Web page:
Wiles also rebuked the government for failing to update legislation in line with technologies, which was making it hard for police to conduct necessary trials, and could lead to higher costs if forces have to make their systems compliant after the fact.
"The fact is that neither governance nor legislation has kept up with the growth of these second-generation biometrics. Lack of governance is leaving a worrying vacuum which the police tell me is making their experiments with new biometrics more difficult and uncertain and so risks undermining public confidence in policing."
The report was also critical of a lack of plans for governance of the new Home Office Biometrics data platforms, which are due to become partially operational by 2020. These are being designed to hold the databases owned by various departments, but Wiles noted that at present there are no governance rules about their access and use.
"It is worrying that these data platforms may go into operational use without this issue being addressed," Wiles said. "The Home Office needs to acknowledge that their new, multi-user data platforms will need a clear governance structure and rules about who should have access to what and for what purposes."
The government should consider whether this will need pan-government regulation, rather than individual agency rules, he said, adding that the issue of whether this needs legislation or can be done with internal governance arrangements should be addressed in the Biometrics Strategy.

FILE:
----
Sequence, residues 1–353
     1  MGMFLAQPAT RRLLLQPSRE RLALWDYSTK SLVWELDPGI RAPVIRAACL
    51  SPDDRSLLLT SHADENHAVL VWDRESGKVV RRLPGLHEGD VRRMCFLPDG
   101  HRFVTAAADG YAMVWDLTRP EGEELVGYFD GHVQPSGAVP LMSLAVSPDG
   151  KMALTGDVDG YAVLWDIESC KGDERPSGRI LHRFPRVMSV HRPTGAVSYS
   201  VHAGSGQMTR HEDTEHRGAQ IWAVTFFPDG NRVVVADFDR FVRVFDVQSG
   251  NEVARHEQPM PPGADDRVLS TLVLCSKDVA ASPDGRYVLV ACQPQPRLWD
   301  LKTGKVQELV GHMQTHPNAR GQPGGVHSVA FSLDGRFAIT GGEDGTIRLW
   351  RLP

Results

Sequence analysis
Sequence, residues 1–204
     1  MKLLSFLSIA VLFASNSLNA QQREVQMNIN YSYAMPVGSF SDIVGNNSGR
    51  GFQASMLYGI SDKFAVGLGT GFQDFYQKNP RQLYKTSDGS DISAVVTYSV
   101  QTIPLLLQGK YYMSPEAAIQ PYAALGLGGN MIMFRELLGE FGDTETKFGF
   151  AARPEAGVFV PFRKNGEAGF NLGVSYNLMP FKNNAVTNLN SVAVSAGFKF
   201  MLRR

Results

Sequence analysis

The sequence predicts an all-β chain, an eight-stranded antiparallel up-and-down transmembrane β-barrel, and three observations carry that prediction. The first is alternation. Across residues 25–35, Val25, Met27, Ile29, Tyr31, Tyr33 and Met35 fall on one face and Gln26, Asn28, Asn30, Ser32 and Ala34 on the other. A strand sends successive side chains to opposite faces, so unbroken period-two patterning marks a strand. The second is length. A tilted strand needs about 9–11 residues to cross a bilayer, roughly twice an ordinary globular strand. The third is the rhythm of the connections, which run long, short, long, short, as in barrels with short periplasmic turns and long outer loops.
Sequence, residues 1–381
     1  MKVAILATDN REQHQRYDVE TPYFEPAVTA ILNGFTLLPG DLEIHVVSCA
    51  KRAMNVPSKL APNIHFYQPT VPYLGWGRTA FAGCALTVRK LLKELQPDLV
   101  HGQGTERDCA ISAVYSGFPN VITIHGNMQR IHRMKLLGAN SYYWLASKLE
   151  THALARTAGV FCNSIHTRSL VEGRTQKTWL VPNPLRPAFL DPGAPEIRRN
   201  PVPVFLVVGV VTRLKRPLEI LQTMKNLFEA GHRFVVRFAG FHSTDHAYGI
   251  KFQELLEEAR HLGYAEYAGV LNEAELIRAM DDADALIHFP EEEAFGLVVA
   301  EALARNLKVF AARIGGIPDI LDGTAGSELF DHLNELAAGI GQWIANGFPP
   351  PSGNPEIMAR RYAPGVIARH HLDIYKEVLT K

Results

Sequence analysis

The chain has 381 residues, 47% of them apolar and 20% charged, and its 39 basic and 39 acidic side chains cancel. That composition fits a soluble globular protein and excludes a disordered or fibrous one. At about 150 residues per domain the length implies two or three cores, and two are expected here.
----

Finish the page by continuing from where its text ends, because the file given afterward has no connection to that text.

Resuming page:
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Elsewhere in the report, Wiles raised concerns about non-compliance with regulation on the use and retention of biometrics for national security purposes – this requires a National Security Determination (NSD) to hold biometrics on people for longer periods of time.
For instance, some 978,248 legacy records that should have been deleted when PoFA was introduced still haven't been wiped from the government's systems – although this is now being done. Meanwhile, the biometrics of 13 individuals that should have been retained have been deleted, either because it wasn't passed up the chain for the relevant sign-offs or due to administrative errors.
Wiles also said that he would be reviewing how material held under NSD is being put to use – although there was nothing to suggest it was being used for anything but permitted purposes, he said that he had limited time to look into this to date.
Indeed, throughout the report Wiles highlighted areas in which he had been unable to dedicate as much time as he would have liked – or assessments that had taken longer – due to a lack of staff.
In the foreword he noted that his office should have four members of staff to deal with casework, inspections and meetings but that this has never been the case – and for the last few months he has only had one staff member.
Some new staff will be joining soon, he said, and once they are trained, catching up with work on emerging problems will become a priority. ®